Is Yu Darvish the Next Young International Baseball Superstar?

Monday, February 13th, 2012

Douglas ‘Chuck’ Booth (Baseball Writer) One of the first names I forgot in my blog about ‘young phenom pitchers’ taking the league, plus a city by storm was Fernando Valenzuela.  I immediately thought of another blog right after.  That is young International Phenom pitchers.  I picked 4 pitchers that hail from other places other than the USA to concentrate the story on.  I came up with Valenzuela from Mexico, Hideo Nomo from Japan, Eric Gagne from Canada and Juan Marichal from the Dominican Republic.  The 4 baseball players all flashed onto the scene as young pitchers, 3 of them dominating their peers from the get go.  Eric Gagne, the 4th member of this study, only started to dominate when the Los Angeles Dodgers sent him to the bullpen.   Speaking of the Los Angeles Dodgers, three of these four pitchers were both with the club when they started out.  It is a credit to their scouting staff.  There is a reason why no other team has turned out more ‘Rookie of the Year’ players in the last 30 years than the Dodgers.

Eric Gagne (CAN)-(Career Record 33-26, 3.47 ERA, 187 SV)- Eric Gagne was an awesome closer for the time frame of 2002-2004 in saving 152 baseball games.  Included in his dominance was a Major League Record 84 saves in a row.  This feat may be one of the more remarkable achievements by a relief pitcher ever.  A save can easily be blown without any fault of your own.  Heck, you could come into a game with bases loaded and no one out, induce a double-play ball, then follow that up by retiring the next out, only to be credited with a blown save despite saving your team’s bacon.  To think that Gagne did this for 84 straight games, thus completely demolishing the previous record of 55 games.  Gagne blew by the record by over 50 percent more games.  Eric Gagne was born in Montreal, Quebec, Canada. Gagne started off in the Los Angeles Dodgers in the rotation at first however it was just a small sample.  At the age of 25 he was moved to the bullpen and began to thrive.  His success did not go unnoticed. There was a massive following from all Canadian baseball fans.  When a baseball player is this good he is routinely the focus of all Canadian national sports highlight packages.  Elbow problems starting plaguing the Canadian at the beginning of the 2005 season.  By the time 2008 had come, the man saw the writing on the wall for retirement.  He is still the best reliever the country of Canada has ever seen.  Plus he made wearing glasses popular amongst closers again.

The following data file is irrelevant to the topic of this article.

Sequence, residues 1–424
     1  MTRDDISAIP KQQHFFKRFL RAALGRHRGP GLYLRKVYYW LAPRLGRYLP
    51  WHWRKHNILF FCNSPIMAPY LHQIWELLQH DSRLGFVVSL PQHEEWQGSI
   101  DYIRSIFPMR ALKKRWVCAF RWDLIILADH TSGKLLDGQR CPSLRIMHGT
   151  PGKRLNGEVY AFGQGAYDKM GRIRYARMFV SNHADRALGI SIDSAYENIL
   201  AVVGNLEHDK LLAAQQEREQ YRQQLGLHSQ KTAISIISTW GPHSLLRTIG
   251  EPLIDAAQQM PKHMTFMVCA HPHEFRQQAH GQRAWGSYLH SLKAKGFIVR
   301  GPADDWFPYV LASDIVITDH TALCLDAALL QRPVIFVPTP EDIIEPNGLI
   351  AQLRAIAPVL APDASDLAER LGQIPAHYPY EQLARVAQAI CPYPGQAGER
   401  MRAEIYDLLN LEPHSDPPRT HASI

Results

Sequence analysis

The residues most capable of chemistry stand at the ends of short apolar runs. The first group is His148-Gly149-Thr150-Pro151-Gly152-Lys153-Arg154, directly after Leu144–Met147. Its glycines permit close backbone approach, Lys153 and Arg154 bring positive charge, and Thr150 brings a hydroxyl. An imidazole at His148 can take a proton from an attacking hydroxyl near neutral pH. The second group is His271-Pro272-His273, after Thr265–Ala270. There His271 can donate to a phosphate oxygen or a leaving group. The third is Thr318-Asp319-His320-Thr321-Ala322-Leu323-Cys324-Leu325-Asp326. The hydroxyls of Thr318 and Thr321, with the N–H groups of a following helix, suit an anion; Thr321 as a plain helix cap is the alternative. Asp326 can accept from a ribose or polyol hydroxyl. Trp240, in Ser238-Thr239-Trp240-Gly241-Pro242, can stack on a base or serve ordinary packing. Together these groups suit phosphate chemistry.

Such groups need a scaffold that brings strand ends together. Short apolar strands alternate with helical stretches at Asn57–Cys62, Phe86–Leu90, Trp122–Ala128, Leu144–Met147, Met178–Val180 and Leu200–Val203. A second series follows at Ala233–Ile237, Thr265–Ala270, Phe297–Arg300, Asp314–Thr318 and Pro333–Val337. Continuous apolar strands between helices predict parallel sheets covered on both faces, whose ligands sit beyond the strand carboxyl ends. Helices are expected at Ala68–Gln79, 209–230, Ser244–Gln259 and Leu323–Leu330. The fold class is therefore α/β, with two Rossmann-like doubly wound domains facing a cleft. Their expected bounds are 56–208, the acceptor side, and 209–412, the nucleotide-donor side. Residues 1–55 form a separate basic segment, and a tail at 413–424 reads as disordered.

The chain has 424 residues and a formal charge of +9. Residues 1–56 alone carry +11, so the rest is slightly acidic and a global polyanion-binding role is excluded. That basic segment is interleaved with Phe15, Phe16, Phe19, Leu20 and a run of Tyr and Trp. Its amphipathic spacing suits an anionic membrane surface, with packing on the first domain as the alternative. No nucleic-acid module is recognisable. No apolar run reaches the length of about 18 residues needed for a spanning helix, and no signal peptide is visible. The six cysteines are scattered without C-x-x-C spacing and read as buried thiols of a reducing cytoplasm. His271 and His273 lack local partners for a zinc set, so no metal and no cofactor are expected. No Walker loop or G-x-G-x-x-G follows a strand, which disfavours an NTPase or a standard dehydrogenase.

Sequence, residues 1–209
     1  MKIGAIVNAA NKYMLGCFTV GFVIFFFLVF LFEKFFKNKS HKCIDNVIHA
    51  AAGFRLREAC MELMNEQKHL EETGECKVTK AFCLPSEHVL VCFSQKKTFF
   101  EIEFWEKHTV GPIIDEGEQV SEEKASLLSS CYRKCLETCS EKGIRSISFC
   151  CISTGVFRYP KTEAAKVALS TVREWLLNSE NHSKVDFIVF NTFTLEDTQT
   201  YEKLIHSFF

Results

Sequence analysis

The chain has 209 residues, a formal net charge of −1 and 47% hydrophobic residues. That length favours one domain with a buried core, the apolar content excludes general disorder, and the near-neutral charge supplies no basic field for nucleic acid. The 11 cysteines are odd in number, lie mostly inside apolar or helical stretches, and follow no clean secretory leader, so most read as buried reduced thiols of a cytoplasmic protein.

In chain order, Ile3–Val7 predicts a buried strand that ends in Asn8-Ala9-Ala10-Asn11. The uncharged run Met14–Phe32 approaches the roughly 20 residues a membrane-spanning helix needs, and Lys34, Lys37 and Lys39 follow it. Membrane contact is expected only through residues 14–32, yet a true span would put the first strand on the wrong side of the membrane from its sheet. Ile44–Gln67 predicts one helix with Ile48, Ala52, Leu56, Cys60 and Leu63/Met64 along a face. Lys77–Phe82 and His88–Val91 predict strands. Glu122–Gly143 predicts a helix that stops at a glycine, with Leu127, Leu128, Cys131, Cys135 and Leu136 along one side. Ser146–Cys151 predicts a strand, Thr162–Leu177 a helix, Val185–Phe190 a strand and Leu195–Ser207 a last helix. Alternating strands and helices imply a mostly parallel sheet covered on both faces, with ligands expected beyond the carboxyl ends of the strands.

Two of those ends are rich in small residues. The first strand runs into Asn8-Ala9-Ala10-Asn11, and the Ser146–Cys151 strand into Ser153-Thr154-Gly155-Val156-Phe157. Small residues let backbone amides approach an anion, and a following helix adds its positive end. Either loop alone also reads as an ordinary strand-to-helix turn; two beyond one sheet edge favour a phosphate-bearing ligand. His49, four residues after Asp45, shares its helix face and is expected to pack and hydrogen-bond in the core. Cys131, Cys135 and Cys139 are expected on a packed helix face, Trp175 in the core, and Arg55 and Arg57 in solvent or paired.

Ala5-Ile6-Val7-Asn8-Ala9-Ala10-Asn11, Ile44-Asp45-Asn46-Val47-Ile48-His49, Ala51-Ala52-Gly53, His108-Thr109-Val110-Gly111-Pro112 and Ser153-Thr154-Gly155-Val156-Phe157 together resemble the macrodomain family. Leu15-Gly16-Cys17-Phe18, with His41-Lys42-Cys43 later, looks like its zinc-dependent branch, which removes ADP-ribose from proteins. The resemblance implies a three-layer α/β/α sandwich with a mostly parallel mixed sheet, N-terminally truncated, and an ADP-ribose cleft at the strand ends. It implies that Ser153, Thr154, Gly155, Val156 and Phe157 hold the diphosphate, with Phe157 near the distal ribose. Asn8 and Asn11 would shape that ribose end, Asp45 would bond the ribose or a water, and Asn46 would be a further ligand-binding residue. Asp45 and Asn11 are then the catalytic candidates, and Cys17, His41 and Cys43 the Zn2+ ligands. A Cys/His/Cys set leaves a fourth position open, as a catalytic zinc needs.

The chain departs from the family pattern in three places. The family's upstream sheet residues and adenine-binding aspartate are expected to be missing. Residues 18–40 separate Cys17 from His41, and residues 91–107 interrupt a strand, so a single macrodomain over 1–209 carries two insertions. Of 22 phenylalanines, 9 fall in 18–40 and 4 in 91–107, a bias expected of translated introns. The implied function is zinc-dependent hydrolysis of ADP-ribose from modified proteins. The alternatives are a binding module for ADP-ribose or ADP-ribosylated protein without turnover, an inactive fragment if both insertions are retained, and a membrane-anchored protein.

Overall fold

Hideo Nomo (JAP)-(Career Record 123-109, 4.24 ERA)- In 1995, Hideo Nomo became the first superstar Japanese born Major Leaguer  to play baseball in the MLB.   At age 27, the Dodgers took a chance that the player might be something special.    With an entire country following his every footstep, Hideo Nomo helped the Los Angeles fans forget that there had been a strike/lockout over the last year.  The Japanese media flocked in record numbers to every ball park to watch his every move.    Nomo did not disappoint in his first season, going 13-6 with a 2.54 ERA en route to a ‘Rookie of The Year’ Award.  Nomo also beat Sandy Koufax’s strikeout per nine innings ratio with an 11.1/per 9 innings. Nomo put together a couple of more great seasons before he left the Dodgers.  While abroad, Nomo struggled from the years of 1998-2001, before triumphantly returning to the Dodgers with back to back 16 win seasons in 2002 and 2003.  Nomo’s career slowed down after that.  The man with the crazy delivery(where he threw so high over the top, that he pitched over his own head) threw two no hitters in career.  One of these no-hitters was thrown at Coors Field.  Hideo Nomo was a pioneer for other pitchers to come overseas after his success.  Now the MLB has plenty of pitchers from Japan.  I always wondered what might have happened if Hideo had struggled like Hideki Irabu or Kei Igawa did in their brief MLB careers.  The negative impact could have been crippling for Japanese baseball ever coming over to North America if he had failed.